There weren’t any big conflicts in the Middle East after the Second Arab-Israeli War (Suez Crisis) for a while; the small conflicts that did break out were mainly due to ethnic conflicts that resulted in skirmishes or civil wars to oust monarchs.

However in 1967 another powder keg between Israel and Egypt was set. Disputes over land and water between Israel and her neighbours had only increased after the Second Arab-Israeli war and Israel threatened war if Egypt were too bad Israeli ships from the Strait of Tiran. The Egyptians ignored the Israeli threats and banned Israeli shipping anyways and mobilized its Army on the Israeli border in late May. This prompted Israel to launch what they deem as preemptive strikes on Egyptian air bases on July 5; catching the Egyptians by surprise which gave Israel Air Superiority while simultaneously launching a surprise offensive into the Gaza strips. Egypt on the losing side convinced most of the other Arab states that had fought Israel before to join in the war in order to both gain back lost Palestinian territory and to save Sinai from once again falling into Israeli hands. Israel responded to this by absolutely annihilating the opposition killing over 15,000 Arabs while only suffering around 1000 casualties.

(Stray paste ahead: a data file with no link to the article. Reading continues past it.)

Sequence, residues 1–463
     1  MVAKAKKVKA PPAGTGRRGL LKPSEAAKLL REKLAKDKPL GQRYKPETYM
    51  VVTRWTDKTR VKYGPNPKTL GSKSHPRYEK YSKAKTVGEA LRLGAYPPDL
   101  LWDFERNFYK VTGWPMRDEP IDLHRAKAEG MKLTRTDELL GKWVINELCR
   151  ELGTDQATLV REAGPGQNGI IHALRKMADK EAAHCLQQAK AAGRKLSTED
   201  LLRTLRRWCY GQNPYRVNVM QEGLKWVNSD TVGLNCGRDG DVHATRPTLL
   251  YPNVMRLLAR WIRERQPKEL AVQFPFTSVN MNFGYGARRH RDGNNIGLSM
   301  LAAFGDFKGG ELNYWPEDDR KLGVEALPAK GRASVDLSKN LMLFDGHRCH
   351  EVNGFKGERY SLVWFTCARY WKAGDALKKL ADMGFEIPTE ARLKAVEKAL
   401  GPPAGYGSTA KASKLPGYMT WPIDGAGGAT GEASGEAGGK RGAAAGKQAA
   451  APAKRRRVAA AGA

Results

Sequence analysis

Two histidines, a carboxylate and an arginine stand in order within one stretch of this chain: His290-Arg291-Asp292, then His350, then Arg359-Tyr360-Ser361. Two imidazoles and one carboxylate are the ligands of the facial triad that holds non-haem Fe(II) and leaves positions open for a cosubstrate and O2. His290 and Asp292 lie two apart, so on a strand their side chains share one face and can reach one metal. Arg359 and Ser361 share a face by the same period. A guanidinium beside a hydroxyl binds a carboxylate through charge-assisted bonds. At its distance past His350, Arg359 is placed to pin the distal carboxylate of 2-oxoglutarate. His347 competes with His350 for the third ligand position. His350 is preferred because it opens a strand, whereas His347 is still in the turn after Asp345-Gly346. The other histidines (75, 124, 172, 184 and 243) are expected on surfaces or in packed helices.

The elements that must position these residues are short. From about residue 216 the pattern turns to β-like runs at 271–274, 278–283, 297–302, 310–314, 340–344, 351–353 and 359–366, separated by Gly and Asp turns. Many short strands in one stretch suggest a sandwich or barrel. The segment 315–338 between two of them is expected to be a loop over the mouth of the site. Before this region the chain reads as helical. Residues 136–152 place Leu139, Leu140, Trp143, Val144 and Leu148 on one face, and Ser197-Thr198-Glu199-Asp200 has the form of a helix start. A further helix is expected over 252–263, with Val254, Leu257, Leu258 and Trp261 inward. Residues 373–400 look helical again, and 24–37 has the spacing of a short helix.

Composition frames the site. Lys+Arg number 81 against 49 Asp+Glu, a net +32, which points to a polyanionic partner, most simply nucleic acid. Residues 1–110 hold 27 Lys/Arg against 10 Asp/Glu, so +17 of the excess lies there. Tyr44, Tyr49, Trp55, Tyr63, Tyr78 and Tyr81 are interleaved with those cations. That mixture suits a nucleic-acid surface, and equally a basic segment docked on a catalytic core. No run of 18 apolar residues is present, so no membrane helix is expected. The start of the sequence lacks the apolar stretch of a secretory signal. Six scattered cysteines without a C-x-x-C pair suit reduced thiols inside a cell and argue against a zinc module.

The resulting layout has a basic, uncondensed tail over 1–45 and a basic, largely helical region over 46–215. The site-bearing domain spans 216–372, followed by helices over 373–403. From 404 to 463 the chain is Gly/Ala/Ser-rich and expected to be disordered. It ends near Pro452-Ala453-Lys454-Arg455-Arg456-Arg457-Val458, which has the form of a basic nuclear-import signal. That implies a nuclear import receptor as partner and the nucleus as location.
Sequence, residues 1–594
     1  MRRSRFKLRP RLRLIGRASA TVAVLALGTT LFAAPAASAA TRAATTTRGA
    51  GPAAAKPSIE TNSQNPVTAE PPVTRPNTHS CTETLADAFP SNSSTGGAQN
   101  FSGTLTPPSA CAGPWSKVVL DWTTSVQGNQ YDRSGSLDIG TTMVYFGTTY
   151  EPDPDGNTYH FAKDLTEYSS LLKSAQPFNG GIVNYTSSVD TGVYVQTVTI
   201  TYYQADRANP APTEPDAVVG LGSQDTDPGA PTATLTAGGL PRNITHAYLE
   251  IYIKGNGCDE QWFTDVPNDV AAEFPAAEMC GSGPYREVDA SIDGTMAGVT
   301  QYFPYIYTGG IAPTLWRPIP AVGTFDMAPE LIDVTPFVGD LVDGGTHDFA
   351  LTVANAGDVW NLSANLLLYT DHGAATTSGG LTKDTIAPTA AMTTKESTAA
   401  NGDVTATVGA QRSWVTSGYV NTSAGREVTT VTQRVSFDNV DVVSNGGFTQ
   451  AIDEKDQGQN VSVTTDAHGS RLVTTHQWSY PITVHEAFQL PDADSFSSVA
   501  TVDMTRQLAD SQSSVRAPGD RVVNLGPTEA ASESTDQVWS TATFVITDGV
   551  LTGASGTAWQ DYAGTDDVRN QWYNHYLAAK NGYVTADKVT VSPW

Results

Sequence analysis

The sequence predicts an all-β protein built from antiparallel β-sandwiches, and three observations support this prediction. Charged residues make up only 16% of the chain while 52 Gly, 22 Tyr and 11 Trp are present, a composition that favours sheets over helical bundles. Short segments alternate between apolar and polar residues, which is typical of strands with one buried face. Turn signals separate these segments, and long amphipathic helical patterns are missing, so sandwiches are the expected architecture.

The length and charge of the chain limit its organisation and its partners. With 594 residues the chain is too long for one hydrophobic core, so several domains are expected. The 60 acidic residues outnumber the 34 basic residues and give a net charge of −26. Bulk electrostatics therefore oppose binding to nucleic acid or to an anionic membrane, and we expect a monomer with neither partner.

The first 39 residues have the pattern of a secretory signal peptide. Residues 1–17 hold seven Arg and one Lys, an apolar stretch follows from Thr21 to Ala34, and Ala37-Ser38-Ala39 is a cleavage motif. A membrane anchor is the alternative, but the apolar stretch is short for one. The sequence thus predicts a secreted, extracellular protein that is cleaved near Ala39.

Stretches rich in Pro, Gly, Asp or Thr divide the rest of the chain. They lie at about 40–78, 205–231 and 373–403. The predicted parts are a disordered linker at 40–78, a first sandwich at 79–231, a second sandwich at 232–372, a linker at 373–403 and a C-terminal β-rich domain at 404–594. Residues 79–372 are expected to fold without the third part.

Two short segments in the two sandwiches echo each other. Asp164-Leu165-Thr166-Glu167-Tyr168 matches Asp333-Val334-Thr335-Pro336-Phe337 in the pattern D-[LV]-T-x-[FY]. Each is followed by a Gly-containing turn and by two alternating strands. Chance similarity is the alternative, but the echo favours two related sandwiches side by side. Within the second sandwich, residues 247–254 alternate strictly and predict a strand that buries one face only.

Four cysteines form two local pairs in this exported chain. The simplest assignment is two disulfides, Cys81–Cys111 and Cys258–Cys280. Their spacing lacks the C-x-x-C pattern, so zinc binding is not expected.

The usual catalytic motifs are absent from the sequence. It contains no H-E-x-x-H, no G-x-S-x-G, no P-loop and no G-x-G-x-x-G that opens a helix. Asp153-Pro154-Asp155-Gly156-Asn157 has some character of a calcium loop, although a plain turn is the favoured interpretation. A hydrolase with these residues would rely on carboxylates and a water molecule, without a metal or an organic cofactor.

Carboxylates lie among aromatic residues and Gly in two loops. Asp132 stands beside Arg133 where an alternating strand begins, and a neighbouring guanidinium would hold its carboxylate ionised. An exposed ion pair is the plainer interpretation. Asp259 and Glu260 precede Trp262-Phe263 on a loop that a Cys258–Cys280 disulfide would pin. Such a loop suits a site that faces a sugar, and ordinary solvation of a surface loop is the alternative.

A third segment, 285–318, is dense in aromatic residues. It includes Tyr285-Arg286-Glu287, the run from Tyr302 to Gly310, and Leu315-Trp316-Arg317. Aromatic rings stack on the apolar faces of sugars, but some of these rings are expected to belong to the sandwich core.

On the 11th of July a ceasefire was signed, Israel once again occupied Sinai along with the West Bank from Jordan and Golan Heights from Syria. This war proved Israel was able to not only hold against enemies from all sides, but was objectively a more powerful nation then all of its Arab Neighbors, but would this superiority last.

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Arab-Israeli Wars: roots and consequences. (2018, December 11). GradesFixer. Retrieved October 15, 2021, from
“Arab-Israeli Wars: roots and consequences.” GradesFixer, 11 Dec. 2018,
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Arab-Israeli Wars: roots and consequences [Internet]. GradesFixer. 2018 Dec 11 [cited 2021 Oct 15]. Available from: